The Virginia Slims campaign often shared anecdotes of women in the early 20th century lacking in equal rights to men concerning smoking. In this particular ad, there is an image of a woman walking out of her house holding suitcases while her husband stands behind her with the caption “it took Marjorie Taylor 25 years to get up the courage to smoke in front of her husband. It took Mr. Taylor 25 seconds to pack his wife’s bags” (Virginia Slims). The advertisement’s feminist tone gives women the idea that smoking is an act of female liberation and equality. With society allowing women to smoke after the second wave of feminism, smoking gives a sense of belonging to the feminist movement and equality to men. Philip Morris’ Virginia Slim advertisements send a message of “women’s freedom in society by using cigarette[s] as a phallic symbol of strength” (Douglass). The Virginia Slims advertisements “offer visuals that suggest needs satisfaction, and only be association do they introduce the brand of cigarettes as the means of satisfying needs” (Anderson). The advertisement associates smoking Virginia Slims with the feminist movement, targeting the emotional needs of women to feel equal to men and a sense of belonging to a group for female liberation.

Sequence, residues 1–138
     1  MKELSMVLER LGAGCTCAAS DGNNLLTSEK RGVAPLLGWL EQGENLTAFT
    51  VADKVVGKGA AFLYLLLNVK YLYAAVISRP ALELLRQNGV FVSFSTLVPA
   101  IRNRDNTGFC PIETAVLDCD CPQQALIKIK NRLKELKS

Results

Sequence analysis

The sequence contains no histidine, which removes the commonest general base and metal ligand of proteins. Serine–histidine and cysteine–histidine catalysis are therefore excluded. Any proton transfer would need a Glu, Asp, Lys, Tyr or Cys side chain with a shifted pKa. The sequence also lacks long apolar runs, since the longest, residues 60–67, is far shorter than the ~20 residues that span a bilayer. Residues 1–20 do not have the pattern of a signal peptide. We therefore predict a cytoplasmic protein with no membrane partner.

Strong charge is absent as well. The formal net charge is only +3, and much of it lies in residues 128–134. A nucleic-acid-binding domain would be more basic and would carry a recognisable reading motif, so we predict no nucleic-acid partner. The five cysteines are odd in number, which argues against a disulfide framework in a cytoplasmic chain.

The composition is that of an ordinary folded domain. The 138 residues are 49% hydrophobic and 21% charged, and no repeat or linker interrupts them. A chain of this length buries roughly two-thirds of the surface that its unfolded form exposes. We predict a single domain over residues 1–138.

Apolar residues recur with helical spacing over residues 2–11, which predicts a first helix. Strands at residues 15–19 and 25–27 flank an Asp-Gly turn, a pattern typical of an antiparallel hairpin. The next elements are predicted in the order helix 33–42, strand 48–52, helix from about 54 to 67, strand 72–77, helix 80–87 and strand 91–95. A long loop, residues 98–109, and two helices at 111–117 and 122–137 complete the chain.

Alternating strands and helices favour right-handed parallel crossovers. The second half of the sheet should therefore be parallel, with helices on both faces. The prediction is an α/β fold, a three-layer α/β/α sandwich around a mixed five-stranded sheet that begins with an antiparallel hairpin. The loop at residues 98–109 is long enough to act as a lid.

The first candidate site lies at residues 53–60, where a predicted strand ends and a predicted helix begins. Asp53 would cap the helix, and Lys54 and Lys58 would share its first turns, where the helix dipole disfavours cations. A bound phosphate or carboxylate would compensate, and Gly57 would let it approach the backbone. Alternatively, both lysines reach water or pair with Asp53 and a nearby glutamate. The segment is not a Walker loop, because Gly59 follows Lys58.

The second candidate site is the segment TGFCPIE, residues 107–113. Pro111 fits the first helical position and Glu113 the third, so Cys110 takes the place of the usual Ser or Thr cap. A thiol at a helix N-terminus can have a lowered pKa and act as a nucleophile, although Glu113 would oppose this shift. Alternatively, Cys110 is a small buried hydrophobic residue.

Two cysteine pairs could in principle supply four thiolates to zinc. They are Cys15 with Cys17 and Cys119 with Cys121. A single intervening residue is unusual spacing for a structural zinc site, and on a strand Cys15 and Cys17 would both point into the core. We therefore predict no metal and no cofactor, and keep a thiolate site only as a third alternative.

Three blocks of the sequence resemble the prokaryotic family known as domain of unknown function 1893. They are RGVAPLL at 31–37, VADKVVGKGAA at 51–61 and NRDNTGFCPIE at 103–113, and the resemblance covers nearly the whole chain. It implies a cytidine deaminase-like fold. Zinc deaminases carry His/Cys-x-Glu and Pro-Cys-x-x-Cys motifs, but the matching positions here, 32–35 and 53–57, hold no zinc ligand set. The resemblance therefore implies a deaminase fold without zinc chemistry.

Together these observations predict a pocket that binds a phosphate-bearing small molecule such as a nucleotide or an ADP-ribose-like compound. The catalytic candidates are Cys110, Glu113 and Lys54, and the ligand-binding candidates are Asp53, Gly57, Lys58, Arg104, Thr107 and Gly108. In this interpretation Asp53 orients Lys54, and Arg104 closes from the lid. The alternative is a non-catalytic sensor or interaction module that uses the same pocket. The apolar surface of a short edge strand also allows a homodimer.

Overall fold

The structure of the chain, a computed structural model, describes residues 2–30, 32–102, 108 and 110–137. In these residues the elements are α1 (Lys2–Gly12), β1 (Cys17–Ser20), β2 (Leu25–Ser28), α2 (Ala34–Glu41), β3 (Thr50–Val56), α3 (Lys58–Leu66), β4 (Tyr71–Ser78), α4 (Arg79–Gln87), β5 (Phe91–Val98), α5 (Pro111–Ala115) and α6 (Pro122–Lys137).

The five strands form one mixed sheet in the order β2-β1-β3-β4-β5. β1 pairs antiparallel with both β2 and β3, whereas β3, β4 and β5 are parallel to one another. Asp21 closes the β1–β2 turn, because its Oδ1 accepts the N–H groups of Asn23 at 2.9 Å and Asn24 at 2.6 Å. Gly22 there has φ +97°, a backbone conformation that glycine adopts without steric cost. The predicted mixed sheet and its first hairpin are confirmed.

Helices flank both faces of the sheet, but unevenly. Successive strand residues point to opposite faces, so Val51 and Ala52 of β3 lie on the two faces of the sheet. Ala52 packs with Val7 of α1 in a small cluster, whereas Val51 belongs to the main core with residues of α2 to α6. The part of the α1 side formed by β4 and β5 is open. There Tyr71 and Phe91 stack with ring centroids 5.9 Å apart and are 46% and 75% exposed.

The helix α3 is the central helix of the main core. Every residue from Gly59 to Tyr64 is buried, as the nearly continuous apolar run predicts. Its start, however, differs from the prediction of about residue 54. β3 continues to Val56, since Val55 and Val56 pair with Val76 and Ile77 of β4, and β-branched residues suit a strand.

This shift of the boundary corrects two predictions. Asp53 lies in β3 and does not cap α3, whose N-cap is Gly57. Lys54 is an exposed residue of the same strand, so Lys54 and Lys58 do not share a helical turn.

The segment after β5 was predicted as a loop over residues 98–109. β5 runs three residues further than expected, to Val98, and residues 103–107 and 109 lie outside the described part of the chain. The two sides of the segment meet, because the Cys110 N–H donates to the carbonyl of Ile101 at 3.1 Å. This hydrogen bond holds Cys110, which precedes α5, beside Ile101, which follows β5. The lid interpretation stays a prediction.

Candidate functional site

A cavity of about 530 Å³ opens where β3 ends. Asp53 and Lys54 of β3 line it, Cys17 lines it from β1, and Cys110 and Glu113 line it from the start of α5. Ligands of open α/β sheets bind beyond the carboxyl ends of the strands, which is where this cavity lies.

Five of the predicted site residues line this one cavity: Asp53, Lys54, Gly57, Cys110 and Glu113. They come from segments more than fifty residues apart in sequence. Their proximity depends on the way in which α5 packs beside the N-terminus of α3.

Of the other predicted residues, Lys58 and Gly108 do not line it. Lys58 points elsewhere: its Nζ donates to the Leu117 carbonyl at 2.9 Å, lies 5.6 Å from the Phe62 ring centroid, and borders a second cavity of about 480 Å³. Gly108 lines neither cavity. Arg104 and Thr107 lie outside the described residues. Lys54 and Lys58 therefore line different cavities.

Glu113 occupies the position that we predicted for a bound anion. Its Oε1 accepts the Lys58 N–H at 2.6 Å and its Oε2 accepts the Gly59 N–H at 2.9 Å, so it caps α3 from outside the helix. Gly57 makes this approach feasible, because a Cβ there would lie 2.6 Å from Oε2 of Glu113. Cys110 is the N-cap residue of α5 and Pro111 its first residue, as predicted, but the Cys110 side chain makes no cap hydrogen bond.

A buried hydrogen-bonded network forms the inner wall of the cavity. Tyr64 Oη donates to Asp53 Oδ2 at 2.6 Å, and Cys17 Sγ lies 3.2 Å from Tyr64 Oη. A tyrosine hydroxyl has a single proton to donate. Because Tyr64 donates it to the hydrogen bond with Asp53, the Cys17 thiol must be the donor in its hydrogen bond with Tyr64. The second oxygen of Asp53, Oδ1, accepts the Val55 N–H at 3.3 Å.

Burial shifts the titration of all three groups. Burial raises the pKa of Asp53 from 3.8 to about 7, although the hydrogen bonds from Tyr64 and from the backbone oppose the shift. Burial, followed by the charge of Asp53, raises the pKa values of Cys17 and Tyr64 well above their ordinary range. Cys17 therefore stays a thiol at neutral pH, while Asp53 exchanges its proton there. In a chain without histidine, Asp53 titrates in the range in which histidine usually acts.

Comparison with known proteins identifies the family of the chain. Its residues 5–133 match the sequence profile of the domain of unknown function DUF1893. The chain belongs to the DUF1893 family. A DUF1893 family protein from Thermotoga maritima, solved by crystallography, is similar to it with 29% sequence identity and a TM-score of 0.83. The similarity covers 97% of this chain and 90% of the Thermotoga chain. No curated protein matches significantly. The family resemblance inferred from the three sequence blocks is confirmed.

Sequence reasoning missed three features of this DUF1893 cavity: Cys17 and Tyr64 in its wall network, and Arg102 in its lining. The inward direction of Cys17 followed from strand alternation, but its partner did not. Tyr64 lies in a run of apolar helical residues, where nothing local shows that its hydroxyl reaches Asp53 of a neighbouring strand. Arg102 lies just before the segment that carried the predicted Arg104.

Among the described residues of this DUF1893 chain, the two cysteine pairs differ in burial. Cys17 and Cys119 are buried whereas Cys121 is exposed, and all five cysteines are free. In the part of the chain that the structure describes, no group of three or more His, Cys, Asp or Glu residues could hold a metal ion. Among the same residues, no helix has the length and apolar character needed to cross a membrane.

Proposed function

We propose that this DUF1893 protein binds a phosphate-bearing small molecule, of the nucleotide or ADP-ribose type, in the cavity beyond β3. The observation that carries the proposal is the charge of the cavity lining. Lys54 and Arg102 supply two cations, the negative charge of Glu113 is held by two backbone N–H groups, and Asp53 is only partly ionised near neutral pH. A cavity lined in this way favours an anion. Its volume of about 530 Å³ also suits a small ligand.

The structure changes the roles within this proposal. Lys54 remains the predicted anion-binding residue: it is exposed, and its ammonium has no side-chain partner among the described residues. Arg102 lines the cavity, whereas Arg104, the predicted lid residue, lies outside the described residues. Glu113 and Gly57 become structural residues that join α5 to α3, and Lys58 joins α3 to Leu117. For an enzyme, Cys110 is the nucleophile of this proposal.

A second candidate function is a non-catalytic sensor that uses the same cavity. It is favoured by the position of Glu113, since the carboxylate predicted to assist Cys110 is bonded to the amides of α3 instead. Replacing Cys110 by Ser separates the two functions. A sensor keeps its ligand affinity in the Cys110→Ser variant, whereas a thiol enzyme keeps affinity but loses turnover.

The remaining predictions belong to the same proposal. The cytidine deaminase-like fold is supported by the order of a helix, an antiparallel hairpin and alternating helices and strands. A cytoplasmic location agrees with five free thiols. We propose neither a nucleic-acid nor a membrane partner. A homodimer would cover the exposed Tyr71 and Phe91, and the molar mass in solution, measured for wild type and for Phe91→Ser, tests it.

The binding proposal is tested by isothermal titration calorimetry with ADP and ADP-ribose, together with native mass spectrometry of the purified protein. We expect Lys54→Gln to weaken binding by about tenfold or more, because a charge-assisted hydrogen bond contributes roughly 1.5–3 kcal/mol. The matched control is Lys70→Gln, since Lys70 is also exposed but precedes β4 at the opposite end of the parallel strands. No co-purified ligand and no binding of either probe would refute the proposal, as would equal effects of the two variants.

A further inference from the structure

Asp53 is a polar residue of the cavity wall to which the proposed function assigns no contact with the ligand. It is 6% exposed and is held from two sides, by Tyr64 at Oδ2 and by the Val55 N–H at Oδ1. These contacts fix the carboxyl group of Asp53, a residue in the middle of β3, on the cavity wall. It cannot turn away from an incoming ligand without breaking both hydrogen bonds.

Philip Morris’s brand Virginia Slims directly markets to female consumers. Philip Morris identified “a female market niche, the feminist values of individuals in that niche, and the stimuli to which they respond as they attempt to fill their needs” (Anderson). The company sells the ideal female image along with their cigarettes. The presentation of a fashion-forward, beautiful model is meant to target all women through the model’s embodiment of female stereotypes. Furthermore, to sell Virginia Slims, Philip Morris determined “consumers’ interpersonal concerns and what images will promote the desired self-enhancement” (Anderson), that image being a model with the ideal body type accepted in society, which is unattainable to the majority of American women. Philip Morris alludes that smoking Virginia Slims aids one in achieving this physique. In addition to targeting all females, Philip Morris markets Virginia Slims as a brand for women only, giving women a sense of “equality, exclusivity, and liberation (Anderson). The Virginia Slims brand targets the psychological need of women to feel socially acceptable. Philip Morris presents their cigarettes as a feminist action for female equality and liberation, targeting a subgroup of their female consumers. Philip Morris urges an array of female consumers to purchase Virginia Slims as a way to satisfy their psychological and emotional needs. The company’s advertising techniques perpetuate sexism while selling a false narrative of social acceptance and liberation, with their only goal being a broader consumer market that will become addicted to their product.